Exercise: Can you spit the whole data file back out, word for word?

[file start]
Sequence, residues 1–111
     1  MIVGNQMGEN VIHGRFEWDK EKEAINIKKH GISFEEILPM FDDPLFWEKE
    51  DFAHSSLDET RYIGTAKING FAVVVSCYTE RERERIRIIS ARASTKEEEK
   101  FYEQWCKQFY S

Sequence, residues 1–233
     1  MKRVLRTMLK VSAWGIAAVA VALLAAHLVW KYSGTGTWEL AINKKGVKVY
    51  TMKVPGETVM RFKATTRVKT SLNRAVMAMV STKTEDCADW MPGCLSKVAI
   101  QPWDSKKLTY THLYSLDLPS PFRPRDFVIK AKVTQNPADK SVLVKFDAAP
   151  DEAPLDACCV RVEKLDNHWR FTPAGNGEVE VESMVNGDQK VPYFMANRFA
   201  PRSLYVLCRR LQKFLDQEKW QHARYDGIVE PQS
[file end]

Sequence, residues 1–111
     1  MIVGNQMGEN VIHGRFEWDK EKEAINIKKH GISFEEILPM FDDPLFWEKE
    51  DFAHSSLDET RYIGTAKING FAVVVSCYTE RERERIRIIS ARASTKEEEK
   101  FYEQWCKQFY S

Sequence, residues 1–233
     1  MKRVLRTMLK VSAWGIAAVA VALLAAHLVW KYSGTGTWEL AINKKGVKVY
    51  TMKVPGETVM RFKATTRVKT SLNRAVMAMV STKTEDCADW MPGCLSKVAI
   101  QPWDSKKLTY THLYSLDLPS PFRPRDFVIK AKVTQNPADK SVLVKFDAAP
   151  DEAPLDACCV RVEKLDNHWR FTPAGNGEVE VESMVNGDQK VPYFMANRFA
   201  PRSLYVLCRR LQKFLDQEKW QHARYDGIVE PQS